, 1600 West 33rd Avenue, 303-993-4200
The Hours: Monday through Friday, from 4:30 to 7 p.m.
The Deals: $3-5 select cocktails; $5 house wines and select draft beer; $3-5 food specials
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The Digs: If you're in any way overexposed to the green movement, you'll want to hate Root Down, an ultra-hip gas station turned restaurant located just over I-25 in Highland. You'll scoff at the recycled basketball court that serves as the dining room flooring; you'll roll your eyes at the bowling lane that was transformed into a long, lacquered bar top; and you may even be annoyed by the decorations. Round aluminum-can tops cover the walls of the private dining room, vintage telephones hang in a grid over the recycled booths in the bar, and many of the fixtures -- the garage door that opens up to the front patio, for example -- are testaments to the former functionality of the space. Combine the visuals with the fact that Root Down's kitchen is supplied primarily by locally grown, organic ingredients, and you kind of just want to eco-barf everywhere.
But try as you might, it's difficult to have a shitty time at Root Down, and after a while, the cliché aesthetic suddenly lends to the funkiness of one of Denver's best bars, whose bartenders don't mess around. Led by rock-star mixologist Anika Zappe, Root Down's drink list is a well-crafted scroll of some of the most finely perfected cocktails in Denver.
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The Verdict: We were on a mission: three seats, preferably within a few feet of each other, somewhere inside the parameters of the bar area. You see, the problem with Root Down is that everyone knows about it. It's also smack in the middle of a neighborhood packed with folks who love to walk down the street for a few cocktails and delicious grub. Finding a place to sit among the chaos can be tricky, especially as you stare down the fifteen other people preying upon the next open stool.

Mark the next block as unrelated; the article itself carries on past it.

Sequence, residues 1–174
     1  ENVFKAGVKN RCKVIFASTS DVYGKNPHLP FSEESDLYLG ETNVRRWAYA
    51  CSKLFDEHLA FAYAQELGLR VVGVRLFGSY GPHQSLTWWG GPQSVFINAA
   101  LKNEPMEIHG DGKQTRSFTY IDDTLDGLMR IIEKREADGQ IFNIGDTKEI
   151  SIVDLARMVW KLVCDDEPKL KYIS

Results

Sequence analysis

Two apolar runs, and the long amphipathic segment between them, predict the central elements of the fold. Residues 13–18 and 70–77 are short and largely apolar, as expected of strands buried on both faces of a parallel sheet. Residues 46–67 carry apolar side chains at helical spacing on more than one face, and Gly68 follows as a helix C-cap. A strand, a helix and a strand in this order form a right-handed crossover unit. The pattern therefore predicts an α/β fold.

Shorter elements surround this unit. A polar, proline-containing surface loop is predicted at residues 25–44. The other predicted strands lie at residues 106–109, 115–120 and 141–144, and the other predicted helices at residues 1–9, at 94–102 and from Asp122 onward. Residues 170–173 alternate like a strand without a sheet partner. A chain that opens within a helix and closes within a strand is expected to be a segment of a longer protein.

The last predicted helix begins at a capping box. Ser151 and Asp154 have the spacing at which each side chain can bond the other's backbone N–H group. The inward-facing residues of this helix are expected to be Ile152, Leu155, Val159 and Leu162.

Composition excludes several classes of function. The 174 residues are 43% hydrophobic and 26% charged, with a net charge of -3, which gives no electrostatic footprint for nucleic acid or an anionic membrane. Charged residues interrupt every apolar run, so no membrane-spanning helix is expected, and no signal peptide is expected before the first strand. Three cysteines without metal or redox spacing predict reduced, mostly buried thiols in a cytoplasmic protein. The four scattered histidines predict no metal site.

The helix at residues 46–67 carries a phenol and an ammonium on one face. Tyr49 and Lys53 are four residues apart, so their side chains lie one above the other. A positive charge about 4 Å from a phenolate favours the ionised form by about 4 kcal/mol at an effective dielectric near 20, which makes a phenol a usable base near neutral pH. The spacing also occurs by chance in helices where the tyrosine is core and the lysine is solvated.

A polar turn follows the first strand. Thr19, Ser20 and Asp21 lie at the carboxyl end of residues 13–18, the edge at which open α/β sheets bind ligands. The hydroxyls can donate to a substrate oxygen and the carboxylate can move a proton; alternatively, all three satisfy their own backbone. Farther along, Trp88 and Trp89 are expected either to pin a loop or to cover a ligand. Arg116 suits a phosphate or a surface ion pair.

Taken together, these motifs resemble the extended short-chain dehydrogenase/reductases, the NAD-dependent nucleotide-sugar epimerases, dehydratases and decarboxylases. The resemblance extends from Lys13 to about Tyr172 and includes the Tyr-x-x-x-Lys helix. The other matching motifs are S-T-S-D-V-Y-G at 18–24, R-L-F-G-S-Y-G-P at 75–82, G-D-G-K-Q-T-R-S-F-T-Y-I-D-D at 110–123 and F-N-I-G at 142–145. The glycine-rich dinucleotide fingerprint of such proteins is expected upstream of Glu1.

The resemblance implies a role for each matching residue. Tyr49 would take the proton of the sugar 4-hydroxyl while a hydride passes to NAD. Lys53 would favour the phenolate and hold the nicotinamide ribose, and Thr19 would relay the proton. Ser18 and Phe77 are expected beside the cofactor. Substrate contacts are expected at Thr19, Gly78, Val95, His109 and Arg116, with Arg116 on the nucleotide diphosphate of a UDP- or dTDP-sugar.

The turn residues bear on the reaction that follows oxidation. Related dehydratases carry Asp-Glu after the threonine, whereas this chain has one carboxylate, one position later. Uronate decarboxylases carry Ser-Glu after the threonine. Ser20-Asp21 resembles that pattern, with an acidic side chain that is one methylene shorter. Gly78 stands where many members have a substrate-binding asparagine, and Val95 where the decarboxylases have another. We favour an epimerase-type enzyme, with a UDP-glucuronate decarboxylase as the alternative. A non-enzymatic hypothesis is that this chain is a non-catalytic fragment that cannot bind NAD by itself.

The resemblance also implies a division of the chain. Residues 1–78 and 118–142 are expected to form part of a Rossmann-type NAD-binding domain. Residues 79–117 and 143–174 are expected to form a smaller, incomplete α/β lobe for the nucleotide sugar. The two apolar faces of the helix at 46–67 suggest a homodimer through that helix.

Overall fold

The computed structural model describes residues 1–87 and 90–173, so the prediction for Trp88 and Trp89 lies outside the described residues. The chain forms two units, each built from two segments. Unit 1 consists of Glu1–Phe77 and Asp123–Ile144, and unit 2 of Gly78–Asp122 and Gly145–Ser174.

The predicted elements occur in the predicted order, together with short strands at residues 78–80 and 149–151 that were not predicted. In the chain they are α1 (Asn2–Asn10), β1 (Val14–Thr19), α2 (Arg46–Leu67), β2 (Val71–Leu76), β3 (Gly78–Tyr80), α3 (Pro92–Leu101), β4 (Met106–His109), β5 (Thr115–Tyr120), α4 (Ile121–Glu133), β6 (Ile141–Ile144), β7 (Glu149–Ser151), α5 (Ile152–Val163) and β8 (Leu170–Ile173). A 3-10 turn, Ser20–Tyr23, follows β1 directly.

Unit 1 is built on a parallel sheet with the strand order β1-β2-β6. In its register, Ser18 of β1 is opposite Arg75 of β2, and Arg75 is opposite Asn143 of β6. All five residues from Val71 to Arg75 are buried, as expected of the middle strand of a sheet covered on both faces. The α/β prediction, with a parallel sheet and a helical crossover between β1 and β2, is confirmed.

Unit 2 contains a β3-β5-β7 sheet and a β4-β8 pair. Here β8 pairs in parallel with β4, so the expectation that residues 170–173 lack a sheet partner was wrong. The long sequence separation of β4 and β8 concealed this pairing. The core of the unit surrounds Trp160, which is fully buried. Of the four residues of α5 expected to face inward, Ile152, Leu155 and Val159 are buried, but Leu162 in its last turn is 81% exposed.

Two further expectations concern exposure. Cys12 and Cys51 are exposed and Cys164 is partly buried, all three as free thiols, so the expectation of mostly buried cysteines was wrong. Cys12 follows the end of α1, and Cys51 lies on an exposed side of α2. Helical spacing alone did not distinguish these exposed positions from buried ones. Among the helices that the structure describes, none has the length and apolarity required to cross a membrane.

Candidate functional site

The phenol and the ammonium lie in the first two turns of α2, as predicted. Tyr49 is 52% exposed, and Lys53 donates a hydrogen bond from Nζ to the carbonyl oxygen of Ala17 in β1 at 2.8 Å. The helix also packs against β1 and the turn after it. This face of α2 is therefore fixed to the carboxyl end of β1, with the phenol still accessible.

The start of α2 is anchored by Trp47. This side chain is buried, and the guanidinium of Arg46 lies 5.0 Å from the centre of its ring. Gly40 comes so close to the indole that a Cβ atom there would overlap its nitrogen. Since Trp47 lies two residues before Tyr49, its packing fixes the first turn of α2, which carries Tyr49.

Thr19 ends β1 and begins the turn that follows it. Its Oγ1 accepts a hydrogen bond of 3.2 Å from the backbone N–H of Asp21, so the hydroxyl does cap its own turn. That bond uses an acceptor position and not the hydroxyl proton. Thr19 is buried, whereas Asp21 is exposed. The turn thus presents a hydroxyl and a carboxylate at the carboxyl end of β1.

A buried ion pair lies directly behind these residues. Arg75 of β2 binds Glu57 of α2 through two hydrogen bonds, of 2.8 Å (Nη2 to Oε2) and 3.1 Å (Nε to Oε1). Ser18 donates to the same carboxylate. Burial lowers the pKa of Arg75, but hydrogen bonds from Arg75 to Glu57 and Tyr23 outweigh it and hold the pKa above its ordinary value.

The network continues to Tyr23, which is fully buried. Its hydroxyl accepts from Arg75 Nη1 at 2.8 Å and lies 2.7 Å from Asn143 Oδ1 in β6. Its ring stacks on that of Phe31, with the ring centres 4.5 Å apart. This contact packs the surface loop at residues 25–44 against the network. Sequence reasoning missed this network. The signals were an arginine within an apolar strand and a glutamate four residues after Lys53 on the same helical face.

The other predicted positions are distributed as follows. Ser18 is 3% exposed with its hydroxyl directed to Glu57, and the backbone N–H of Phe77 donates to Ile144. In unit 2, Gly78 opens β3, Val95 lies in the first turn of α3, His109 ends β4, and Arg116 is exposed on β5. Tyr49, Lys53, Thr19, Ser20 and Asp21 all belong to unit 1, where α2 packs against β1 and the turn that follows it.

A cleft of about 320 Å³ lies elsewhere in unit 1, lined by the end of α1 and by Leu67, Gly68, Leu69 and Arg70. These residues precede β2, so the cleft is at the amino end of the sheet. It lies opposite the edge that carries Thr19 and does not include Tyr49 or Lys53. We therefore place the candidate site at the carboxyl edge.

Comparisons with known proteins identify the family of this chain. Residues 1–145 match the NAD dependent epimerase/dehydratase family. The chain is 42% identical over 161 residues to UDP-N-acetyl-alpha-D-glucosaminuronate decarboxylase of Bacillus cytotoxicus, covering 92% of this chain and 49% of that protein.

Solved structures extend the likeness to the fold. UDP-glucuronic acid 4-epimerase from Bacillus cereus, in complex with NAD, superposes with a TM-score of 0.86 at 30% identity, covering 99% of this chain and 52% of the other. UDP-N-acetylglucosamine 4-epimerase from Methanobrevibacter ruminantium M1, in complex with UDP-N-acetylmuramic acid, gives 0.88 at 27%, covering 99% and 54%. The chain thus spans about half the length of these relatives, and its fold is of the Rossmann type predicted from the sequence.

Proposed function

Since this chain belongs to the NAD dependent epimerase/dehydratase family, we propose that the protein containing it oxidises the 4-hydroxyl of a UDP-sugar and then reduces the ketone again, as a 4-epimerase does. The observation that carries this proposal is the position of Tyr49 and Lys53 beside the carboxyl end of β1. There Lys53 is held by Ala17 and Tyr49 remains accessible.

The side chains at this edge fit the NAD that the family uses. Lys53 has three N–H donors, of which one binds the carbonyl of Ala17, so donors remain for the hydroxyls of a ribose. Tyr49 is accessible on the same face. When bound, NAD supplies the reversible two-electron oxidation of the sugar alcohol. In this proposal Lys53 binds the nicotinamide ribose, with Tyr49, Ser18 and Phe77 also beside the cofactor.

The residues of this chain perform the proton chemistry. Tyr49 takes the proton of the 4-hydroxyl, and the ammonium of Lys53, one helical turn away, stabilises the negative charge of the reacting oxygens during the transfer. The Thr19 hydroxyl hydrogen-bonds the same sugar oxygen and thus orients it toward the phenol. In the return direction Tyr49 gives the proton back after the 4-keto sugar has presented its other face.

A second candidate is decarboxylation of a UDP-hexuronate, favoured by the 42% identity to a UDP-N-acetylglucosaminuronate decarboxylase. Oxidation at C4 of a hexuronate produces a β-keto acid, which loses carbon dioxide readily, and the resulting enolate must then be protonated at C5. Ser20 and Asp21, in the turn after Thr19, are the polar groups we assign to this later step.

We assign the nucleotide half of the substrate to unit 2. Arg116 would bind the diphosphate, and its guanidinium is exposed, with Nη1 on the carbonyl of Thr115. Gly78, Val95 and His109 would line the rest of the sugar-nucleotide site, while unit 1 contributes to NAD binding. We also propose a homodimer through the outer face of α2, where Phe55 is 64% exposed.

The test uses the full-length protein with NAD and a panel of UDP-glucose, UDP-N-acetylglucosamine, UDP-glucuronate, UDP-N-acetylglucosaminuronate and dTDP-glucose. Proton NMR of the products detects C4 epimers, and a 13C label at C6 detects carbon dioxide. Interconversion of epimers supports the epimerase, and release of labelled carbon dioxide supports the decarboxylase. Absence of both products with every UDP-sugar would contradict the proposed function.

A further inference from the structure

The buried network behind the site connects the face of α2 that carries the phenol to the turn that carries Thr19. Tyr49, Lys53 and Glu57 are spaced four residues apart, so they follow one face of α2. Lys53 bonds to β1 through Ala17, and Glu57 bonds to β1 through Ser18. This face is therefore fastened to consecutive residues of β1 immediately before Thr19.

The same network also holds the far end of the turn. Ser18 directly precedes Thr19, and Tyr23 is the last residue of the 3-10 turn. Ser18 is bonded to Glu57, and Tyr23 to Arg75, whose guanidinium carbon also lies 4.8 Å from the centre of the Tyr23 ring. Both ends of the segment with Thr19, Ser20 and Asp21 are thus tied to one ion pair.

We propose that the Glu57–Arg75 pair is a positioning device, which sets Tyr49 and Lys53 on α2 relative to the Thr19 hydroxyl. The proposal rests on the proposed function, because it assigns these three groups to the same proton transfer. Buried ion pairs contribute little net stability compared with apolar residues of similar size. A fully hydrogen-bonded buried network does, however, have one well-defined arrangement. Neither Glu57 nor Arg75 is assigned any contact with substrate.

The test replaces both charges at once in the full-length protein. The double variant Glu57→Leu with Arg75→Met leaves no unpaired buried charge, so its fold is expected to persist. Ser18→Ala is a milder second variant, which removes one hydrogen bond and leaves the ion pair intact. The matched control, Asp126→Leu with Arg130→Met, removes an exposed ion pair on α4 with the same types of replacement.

Once three stools opened up, there began the second wait -- for drinks. The service can be slow when Root Down is busy, but the bartenders work extraordinarily well together. Within a few minutes, rosemary-lavender lemonades (spiked with vodka and highly dangerous) were propped on the bar -- and food was on the way.
Whether you're enjoying a hot, sunny day on the patio or shaking off the chill in the dead of winter, Root Down is fun. After engaging in a philosophical yet hilarious conversation with our bartender about Kittens Inspired by Kittens, our plates arrived. It's not difficult to plow through piles of the sweet-potato fries with lime curry sauce ($4) or the sweet-potato falafel on lemon-tahini yogurt ($5.50), the latter of which is the best nosh on the happy-hour menu. The lamb slider was a little dry, and kind of a ripoff for five bucks, but if you're looking for something to share, order the steamed PEI mussels submerged in a Thai red curry ($6). Although the happy-hour food at Root Down lacks the innovation found on its dinner and brunch menus, it still does the job when you're hammered.
Overall Grade: B+